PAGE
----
In some cases, a total gutting just isn’t in the cards.  Changing a shower door, to a frameless version, re-grouting tile, replacing counters, bath fixtures, and adding a new coat of paint might be the answer.  (Courtesy of “Coastal Living”.)


Old cast iron tubs can be refinished.  The feet, on this claw foot tub, were accented in chrome for a little more “bling”.  (Courtesy of “Southern Accents”.)


If you are a purist, when it comes to the using the original fixtures, restoration can be the answer.  You wouldn’t be “neutral” on the subject of this color! (Courtesy of “Sunset Magazine”)


Here is a new bath, featured by the Apartment Therapy blog.  While somewhat futuristic, it does bring up images of being a room I could picture The Jetsons having used.  (I’m telling on myself, now!)

And now in 2011:

It was announced, a few months ago, the 2011 Color of the Year is Honeysuckle.  Have I really lived long enough to be seeing trends swing full circle?!  Is the bathroom of my teenage angst coming back? 

Well, perhaps, but in a different way.


Although referred to as “lilac”, these fixtures from Aqua Solutions Plus present as pink to me!


Courtesy of  (The sink stopper is even pink!)

I guess you could say, “We’ve come a long way, baby!”

60kohlerfixtures 4753

I love vintage ads.  They give a glimpse into the history and reliability of a brand.  Both Kohler and “Standard” aka American Standard, are still operating today.  Eljer is also part of American Standard.

Eljer bathroom

Mmmmm.  Now you’re talking!  Basic black can compliment almost any brilliant hue.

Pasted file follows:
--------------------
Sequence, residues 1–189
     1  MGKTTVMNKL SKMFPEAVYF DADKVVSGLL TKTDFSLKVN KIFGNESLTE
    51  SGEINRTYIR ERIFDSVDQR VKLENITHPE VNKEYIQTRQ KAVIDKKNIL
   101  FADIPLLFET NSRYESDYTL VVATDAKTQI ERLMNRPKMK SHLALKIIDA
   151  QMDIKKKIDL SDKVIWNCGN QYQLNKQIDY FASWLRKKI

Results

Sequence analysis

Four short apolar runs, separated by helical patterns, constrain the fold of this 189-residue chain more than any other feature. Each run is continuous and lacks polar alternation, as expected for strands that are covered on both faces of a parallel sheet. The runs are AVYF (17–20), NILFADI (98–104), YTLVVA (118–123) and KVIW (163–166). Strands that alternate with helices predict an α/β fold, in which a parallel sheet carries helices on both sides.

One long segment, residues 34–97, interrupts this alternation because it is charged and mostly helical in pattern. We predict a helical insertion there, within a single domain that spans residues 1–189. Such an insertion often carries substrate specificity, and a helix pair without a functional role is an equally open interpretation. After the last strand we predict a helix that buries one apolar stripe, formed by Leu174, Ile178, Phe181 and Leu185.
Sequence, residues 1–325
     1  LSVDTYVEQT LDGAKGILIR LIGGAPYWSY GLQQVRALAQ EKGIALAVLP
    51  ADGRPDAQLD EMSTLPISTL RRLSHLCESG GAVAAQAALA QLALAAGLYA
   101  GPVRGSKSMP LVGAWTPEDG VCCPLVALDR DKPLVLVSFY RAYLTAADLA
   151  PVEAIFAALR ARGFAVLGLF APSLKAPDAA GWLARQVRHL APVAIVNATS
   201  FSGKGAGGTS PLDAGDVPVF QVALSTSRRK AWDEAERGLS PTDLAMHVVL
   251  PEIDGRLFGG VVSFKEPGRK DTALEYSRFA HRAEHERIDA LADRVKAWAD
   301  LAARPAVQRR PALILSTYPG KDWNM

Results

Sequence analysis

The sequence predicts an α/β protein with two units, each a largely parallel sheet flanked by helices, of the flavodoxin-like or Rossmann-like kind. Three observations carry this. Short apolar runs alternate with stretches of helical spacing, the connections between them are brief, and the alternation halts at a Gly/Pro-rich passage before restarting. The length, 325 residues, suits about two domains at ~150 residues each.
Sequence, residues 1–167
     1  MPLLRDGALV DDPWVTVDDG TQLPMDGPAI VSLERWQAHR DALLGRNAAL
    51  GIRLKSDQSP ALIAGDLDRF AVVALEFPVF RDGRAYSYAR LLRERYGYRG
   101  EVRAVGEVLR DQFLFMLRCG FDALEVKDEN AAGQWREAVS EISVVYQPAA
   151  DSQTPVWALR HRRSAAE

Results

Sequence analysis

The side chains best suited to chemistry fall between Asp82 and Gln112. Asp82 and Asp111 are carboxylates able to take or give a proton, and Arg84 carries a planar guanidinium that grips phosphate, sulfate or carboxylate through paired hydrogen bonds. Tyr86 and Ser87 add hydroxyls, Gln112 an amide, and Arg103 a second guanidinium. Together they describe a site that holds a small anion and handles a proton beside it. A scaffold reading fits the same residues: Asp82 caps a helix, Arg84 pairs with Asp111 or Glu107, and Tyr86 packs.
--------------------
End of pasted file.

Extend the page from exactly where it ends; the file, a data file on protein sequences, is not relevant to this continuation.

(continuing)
The Eljer poster reminded me of this ‘tween bathroom I did for a showhouse, a few years ago.  Notice the hint of pink.  It was a favorite from girls to grandmothers!

Looking Before You Leap:

If you love to keep up with the latest in interior design, be sure to take a few minutes to decide if what you are following is a trend or a fad.  There is a difference! 

Fads are usually fun, but short-lived.  They come and go almost as quickly as they make their appearance.  Trends tend to be more proven and can last for years, depending on public acceptance.  It used to be that the life of a trend was predictable, if moving from high-end design to mass marketing venues.  Such is not always the case in today’s world of technology.  Ideas and concepts move much faster through the world of communication to production. 

In some cases, when a trend is overdone, as in too much being used in a home or a room, it can feel as if it’s a fad.  It creates a glaring, “This was done in such-and-such a year”. Classics usually always have us heading in the right direction, and they can be adapted to stay current and relevant.  My role, as my clients’ interior designer, is to help to discern the difference.  I’ve walked this road a time or two, as you can probably tell!

And so now, as promised, here is the new logo reveal:


I think Mary and the girls might approve! 


All my best! ~ Wanda


Storibook Designs said...

Wanda, the new logo is great. The thoughts that came to mind: sophisticated, feminine, luxury. Very nicely done!!

I grew up with a very similar pink bathroom and I also remember "raking" our shag rug. Too funny!!

Great post as always!

marcy said...

Lovely post. Thanks for the trip down memory lane. As a rule of thumb, Irwin and I have always prided ourselves on picking up on trends without being trendy. That paves the way for long-lasting style whether in the fashion world or interior design.